Agricultural research done in universities and institutions can have a big impact on policy and funding, as well as the development of practical tools, techniques, breeds, and more for farmers. Often one of the first steps in a research project is a survey – to determine the level of need or interest, or to gather a snapshot of perspectives and information. There are a few surveys out at the moment that could use the input of Vermont farmers, and we hope you’ll take a few minutes out of your busy harvest season to fill out one or more.
Please complete this survey by October 22.
Under the Food Safety Modernization Act (FSMA) the Food and Drug Administration is seeking comments from stakeholders to determine the appropriate interval between application of raw manure/or grazing of animals in certain crops. They are also proposing that farmers who use raw manure to transition to using composted manure. UVM Extension’s Center for Sustainable Agriculture is trying to understand:
- How farmers who grow fruits and vegetables for sale are using raw manure or grazing animals in fruit and vegetable production areas
- How these farmers might be impacted if the recommended interval between the application of raw manure (or grazing animals) in areas where fruits and vegetables are grown, and harvesting the produce is extended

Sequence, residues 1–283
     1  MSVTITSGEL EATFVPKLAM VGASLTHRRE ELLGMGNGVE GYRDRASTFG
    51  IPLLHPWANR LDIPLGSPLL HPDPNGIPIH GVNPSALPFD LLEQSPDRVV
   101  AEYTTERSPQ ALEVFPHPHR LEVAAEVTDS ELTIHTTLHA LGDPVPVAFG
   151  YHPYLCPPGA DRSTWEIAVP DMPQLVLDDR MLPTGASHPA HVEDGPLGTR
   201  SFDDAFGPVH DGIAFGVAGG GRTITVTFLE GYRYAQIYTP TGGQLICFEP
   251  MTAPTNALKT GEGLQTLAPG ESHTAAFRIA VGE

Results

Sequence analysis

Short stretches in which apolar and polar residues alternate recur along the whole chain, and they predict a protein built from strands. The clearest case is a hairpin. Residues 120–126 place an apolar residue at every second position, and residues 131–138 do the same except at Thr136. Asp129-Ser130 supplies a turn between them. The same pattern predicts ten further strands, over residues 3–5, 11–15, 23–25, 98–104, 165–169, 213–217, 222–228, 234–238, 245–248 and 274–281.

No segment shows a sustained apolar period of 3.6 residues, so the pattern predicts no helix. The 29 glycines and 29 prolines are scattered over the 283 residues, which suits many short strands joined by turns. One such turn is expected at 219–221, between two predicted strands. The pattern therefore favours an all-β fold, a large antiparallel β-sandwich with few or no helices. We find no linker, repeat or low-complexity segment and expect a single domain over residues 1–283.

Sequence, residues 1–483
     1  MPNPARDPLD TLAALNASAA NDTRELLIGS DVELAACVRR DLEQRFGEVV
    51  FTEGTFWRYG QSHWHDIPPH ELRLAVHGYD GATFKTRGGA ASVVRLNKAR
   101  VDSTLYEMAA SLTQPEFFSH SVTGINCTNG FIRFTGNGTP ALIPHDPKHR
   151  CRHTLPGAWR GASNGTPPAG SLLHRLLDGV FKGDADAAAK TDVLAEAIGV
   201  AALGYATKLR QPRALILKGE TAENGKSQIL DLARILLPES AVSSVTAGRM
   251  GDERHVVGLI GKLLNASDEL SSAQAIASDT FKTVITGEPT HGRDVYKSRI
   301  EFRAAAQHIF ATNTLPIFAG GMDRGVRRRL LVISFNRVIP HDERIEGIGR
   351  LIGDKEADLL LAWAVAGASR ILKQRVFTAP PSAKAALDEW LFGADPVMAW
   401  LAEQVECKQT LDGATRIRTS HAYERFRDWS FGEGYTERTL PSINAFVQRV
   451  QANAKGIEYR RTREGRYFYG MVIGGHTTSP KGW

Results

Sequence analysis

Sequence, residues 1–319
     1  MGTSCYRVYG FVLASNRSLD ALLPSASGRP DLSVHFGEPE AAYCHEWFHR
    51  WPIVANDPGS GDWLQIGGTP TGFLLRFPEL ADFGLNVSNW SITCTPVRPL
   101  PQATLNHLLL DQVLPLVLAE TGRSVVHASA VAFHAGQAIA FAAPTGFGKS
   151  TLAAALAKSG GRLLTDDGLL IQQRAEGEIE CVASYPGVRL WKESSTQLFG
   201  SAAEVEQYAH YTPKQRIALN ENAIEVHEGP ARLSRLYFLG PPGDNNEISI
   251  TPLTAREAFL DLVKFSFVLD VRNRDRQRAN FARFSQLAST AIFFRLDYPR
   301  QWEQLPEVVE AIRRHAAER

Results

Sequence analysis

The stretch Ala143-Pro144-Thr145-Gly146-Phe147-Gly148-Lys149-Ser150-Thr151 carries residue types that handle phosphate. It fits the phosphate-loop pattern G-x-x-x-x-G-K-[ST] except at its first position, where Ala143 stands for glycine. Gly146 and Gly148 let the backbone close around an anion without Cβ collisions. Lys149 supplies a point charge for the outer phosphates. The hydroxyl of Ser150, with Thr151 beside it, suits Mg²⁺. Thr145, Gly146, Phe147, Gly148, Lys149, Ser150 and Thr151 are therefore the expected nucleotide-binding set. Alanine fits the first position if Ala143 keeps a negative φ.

- What barriers may exist for farmers if they were to transition from using raw manure to treated compost
The purpose of this survey from the Organic Seed Alliance is to better assess certified organic crop producers’ attitudes and perceptions regarding organic seed. The purpose is also to understand producers’ current use of organic seed and any obstacles that restrict organic seed sourcing. Producers should be prepared to offer best estimates on their organic seed usage or have their seed records on hand. The survey also asks which crops and traits should be prioritized through organic plant breeding programs.
If you are a certified organic crop producer, please take ten minutes to respond to this survey, even if you currently do not use organic seed.
The focus of this survey from the University of Connecticut is to better understand the state and local regulatory environment for agricultural production within your state.